Chapel Hill Family,
This past Sunday, we began our worship series entitled “The Blessed Life.” As we explored “The Beatitudes” in Matthew 5:1-12 together, we explored the connections between Jesus’ teaching and Isaiah. These connections exist because when God arrived in the flesh, God did so in the midst of the Jewish prophetic tradition.
The Old Testament prophets all addressed serious issues among the people called to be a light to the world. Their history was one of call, obedience, disobedience, judgment, and restoration, a cycle that continued as God remained committed to the covenant made with the people even when they turned away. They worshipped idols and false gods in lives shaped by unfaithfulness to the God who had created them, delivered from slavery in Egypt, and called them. The result of this unfaithfulness was the Jewish people being shaped by the values of the nations around them rather than shaped by the love and mercy of God.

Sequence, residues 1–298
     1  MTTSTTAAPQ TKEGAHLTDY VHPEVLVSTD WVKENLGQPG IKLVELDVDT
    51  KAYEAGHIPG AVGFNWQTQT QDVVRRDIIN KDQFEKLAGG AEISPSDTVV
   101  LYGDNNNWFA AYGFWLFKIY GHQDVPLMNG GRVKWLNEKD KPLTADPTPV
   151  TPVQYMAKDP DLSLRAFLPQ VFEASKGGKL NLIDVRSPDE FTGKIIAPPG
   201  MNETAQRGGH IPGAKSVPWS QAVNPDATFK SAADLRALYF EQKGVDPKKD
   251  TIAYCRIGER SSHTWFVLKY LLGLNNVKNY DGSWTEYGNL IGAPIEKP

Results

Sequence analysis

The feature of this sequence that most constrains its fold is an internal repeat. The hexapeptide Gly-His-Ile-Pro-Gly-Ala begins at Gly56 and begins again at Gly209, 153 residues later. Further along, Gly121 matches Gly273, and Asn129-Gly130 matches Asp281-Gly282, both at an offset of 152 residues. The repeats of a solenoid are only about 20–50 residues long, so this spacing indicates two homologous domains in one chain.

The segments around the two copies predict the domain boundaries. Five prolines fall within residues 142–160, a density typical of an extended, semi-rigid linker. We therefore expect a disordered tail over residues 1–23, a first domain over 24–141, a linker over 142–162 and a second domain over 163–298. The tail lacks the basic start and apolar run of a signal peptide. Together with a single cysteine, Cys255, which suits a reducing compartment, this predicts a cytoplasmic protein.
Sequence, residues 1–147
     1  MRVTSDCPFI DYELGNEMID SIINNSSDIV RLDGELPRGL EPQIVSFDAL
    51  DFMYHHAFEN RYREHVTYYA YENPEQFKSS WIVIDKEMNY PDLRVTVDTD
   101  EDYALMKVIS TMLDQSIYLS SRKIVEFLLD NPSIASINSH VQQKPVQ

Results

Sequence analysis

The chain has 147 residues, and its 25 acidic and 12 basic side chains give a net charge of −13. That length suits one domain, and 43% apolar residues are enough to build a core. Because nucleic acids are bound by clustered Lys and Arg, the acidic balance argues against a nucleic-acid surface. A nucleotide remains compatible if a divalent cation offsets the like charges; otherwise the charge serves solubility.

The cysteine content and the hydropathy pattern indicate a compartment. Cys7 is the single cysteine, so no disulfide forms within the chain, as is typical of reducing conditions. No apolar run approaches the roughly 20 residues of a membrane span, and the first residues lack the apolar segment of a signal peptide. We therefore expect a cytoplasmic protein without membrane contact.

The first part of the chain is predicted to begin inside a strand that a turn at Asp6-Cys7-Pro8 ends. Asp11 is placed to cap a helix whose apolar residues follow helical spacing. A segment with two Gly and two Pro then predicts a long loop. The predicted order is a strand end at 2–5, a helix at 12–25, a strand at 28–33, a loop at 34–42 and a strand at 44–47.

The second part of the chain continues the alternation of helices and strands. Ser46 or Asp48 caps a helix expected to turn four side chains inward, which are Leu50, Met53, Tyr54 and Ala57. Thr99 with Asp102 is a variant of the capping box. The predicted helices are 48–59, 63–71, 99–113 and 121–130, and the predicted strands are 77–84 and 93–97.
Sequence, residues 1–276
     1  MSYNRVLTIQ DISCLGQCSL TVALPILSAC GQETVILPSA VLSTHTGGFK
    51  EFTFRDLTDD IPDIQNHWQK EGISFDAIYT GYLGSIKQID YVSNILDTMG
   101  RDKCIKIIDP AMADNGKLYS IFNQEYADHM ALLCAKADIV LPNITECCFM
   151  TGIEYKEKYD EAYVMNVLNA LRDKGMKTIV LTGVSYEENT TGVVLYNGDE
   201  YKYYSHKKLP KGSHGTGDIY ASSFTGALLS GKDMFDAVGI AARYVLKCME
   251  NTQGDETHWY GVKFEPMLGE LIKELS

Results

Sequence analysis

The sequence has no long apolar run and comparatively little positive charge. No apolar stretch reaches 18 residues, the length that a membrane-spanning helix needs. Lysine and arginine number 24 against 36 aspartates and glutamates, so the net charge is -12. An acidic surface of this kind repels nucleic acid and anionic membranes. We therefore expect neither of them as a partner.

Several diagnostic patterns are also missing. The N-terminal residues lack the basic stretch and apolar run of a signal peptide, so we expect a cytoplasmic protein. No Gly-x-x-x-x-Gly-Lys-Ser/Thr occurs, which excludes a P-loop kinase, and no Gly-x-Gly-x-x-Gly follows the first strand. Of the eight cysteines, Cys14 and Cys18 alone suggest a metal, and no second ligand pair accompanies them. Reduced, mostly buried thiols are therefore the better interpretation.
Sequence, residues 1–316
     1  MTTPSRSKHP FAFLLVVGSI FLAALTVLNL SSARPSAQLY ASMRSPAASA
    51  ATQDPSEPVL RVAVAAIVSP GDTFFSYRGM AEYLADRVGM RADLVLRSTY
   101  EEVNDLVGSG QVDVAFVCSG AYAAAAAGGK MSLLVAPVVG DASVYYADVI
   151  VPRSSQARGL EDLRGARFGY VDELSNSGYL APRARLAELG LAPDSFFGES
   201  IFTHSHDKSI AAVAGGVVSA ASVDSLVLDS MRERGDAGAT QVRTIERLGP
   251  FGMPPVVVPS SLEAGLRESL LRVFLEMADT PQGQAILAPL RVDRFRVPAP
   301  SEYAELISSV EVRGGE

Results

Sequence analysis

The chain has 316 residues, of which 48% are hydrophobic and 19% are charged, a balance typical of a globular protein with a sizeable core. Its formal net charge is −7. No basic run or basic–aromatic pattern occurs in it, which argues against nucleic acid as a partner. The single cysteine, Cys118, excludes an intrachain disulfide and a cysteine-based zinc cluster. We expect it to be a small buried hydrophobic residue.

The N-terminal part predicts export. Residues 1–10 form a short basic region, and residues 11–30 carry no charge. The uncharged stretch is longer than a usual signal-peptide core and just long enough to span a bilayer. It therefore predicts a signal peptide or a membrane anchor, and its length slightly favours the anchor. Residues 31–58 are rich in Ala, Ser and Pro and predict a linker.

These false values led to their formation as a people whose lives were full of injustice. The poor, the immigrant, the orphan, the widow, and other vulnerable people were neglected, abused, and exploited rather than embraced and loved the way God loves all people. This is the situation addressed by the major and minor prophets, especially Isaiah, the collection of writings from the prophets which is cited directly or alluded to in Matthew and the other gospels more than the other prophets.
I mentioned this connection in worship a few weeks ago and suggested we take time this year, as we read through Matthew in this year’s lectionary, to also read through Isaiah. The more we do so, the clearer the connections between Isaiah, the gospel writers, and the teachings of Jesus will become. And the clearer our call as disciples will be. As we continue this series entitled “The Blessed Life” I invite you to join me in this reading.
Grace and Peace,
Rev. J.D. Allen